It turns out that all the treatments helped. What caught Binik by surprise was that surgery helped the most. "Surgery helped twice as much as anything else" -- resulting in a 70 percent pain reduction.

A follow-up study examining the same women three years later confirmed the results. Also, as time progressed, cognitive behavioural therapy became a more effective treatment for the women who continued to receive it.

Another study by his group examined the pain thresholds associated with vulvar vestibulitis

Gynecologists generally use Q-tip swabs to examine women with the condition. "It's a crude test -- no two doctors come up with same results," says Binik. Invariably one will exert slightly more force than another.

One of Binik's graduate students, Caroline Pukall, used surgical filament to construct a new tool for testing thresholds -- one that works the same way regardless of who is doing the exam.

In the study, Binik and Pukall noted that both touch and pain thresholds are distorted in women with vulvar vestibulitis. "The women are exquisitely sensitive to very small stimuli," says Binik.

The researchers also examined touch thresholds in other parts of the body and noticed that this enhanced sensitivity seemed to apply to those parts as well. "There is more to this than just the vulvar vestibule," says Binik. "It reinforces the idea that this is first and foremost a pain syndrome."

Binik's team will be joining forces with physiology and anesthesia professor Catherine Bushnell to explore that notion further. Bushnell is a leading authority on brain imaging and the parts of the brain that process painful stimuli.

"All pain looks alike in the brain. It's represented in the same parts of the brain," says Binik. If his views hold water, the pain associated with vulvar vestibulitis ought to be processed in the same region of the brain that is related to other sorts of pain.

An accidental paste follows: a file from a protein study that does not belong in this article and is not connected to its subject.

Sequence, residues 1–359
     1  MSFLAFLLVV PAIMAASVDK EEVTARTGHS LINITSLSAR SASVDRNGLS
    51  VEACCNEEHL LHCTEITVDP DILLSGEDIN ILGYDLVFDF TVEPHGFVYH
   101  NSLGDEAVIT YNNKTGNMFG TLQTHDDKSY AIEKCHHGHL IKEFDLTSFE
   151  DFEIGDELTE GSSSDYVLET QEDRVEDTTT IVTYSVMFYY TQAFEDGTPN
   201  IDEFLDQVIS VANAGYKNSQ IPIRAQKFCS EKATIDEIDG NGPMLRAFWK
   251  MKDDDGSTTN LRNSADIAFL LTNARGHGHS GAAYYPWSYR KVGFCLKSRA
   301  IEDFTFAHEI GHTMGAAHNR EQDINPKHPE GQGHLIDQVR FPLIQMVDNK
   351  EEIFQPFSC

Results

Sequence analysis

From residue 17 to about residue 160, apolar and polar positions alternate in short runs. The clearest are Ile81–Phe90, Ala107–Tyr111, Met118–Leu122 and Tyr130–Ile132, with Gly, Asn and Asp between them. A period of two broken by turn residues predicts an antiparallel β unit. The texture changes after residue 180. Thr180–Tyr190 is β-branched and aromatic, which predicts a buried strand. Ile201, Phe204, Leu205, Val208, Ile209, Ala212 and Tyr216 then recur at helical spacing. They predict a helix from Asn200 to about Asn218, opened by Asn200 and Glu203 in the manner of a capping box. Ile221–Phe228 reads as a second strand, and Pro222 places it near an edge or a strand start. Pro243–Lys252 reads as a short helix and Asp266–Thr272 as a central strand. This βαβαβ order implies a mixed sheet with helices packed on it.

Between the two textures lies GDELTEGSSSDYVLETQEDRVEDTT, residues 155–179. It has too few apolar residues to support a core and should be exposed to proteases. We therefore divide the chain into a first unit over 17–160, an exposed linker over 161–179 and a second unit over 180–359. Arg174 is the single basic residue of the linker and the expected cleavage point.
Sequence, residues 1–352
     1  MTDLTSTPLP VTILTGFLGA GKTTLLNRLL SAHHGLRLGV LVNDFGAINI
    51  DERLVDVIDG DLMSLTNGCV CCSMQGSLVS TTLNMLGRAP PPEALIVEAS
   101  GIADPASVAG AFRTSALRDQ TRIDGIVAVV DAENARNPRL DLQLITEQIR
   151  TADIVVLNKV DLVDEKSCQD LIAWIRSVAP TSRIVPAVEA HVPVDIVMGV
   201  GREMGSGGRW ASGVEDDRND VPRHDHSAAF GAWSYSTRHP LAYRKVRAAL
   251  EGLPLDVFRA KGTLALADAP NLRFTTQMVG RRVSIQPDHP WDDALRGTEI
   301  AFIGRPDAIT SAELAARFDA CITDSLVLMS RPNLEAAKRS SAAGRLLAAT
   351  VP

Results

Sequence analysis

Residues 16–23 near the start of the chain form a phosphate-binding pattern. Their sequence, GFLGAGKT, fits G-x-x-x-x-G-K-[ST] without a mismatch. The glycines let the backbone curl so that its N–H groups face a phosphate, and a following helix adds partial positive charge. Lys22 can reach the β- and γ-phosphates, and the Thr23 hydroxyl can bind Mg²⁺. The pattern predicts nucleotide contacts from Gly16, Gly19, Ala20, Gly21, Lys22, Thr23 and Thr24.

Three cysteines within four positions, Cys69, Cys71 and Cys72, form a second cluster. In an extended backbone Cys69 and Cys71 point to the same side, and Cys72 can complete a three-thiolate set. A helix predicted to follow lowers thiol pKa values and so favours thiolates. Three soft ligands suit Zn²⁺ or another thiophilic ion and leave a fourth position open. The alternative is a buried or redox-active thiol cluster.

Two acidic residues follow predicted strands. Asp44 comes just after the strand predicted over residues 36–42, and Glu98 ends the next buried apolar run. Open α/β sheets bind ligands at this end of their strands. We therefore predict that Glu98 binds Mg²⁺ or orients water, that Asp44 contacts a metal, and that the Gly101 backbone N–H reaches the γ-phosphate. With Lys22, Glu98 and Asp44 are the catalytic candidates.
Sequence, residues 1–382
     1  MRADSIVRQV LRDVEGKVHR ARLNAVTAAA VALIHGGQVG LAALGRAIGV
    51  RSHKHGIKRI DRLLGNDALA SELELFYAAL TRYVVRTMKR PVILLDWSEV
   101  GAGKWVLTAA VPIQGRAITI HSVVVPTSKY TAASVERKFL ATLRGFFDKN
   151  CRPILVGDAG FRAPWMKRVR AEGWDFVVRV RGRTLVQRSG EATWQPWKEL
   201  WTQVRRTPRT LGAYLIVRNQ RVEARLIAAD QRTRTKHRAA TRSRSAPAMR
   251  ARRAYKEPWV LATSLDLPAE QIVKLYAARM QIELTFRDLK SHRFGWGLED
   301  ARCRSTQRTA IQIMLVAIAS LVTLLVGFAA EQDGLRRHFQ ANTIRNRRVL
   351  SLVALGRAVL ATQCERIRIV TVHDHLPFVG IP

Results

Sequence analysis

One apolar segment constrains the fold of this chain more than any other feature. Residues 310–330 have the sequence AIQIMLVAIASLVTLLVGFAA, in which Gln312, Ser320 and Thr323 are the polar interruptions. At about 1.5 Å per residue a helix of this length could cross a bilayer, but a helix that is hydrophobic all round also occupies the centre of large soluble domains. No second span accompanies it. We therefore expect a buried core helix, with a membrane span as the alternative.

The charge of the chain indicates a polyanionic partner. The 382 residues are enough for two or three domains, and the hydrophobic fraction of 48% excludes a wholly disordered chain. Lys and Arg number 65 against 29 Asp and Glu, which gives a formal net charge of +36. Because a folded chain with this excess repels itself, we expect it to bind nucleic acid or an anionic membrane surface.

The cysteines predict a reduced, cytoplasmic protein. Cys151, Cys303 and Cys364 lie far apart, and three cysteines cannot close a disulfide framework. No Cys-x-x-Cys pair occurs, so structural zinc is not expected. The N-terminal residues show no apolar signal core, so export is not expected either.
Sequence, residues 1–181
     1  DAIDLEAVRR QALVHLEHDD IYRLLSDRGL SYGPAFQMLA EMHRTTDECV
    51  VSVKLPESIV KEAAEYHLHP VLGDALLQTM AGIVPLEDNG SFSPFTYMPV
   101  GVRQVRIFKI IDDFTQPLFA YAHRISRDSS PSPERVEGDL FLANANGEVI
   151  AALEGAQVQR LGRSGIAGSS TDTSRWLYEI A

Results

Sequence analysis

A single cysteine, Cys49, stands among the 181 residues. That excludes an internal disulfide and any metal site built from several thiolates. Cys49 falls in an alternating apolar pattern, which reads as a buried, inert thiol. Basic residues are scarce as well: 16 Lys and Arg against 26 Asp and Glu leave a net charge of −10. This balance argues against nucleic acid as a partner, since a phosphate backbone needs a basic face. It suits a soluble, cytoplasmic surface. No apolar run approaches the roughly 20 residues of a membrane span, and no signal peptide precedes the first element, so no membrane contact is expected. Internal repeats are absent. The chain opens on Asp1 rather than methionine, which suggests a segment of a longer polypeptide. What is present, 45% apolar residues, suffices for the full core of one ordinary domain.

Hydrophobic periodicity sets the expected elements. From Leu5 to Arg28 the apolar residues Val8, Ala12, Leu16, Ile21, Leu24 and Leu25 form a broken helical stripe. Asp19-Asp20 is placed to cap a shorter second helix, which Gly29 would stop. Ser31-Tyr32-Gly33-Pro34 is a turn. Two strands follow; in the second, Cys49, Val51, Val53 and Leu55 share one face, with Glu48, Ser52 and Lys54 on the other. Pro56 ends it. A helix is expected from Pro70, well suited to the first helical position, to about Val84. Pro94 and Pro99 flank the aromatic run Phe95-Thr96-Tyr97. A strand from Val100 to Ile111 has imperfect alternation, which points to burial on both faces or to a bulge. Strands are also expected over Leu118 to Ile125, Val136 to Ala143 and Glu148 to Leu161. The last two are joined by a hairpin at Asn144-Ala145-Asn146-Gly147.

Together with graduate student Elke Reissing, Binik has studied another condition linked with pain and sex -- vaginismus. The condition is associated with spasms and a contraction of the vulvo-vaginal canal.

In doing the study, Reissing and Binik noticed something unusual about the women with the condition and how they acted during gynecological examinations.

"The women were very fearful, much more so than women with vulvar vestibulitis. Those women knew that [the exam] was going to hurt and they prepared themselves to endure it. But the women with vaginismus were fearful as soon as the gynecologist entered the room. They tensed up noticeably. They were hypervigilant to any cues associated with penetration or pain.

"I think the psychological component to [vaginismus] is dramatic. I think there is more to the story than pain. There seems to be a real fear of vaginal penetration."

He and Reissing suspect that the spasms aren't really a symptom of the condition at all but are the result of this tensing up and fear.

Binik recently received new funding from the Canadian Institutes of Health Research to continue his work. A study currently being organized revolves around new approaches to treating vulvar vestibulitis -- acupuncture and hypnosis.

A preliminary examination of hypnosis showed very hopeful results -- one woman reported being pain-free eight months after receiving the treatments. "It could be a fluke. We'll look at this in a much more formal way."

Binik says his research relies on the contributions of obstetrics and gynecology professor Samir Khalifé. "He's been a gift from heaven for us. None of this could have happened without him. Coming into this, he had no expertise [about this], but an open mind. Now, he might be the most informed gynecologist around on this topic."

Binik and his team continue to look for women who would be willing to act as research subjects for these studies. Call Talia at 398-5323 for more information.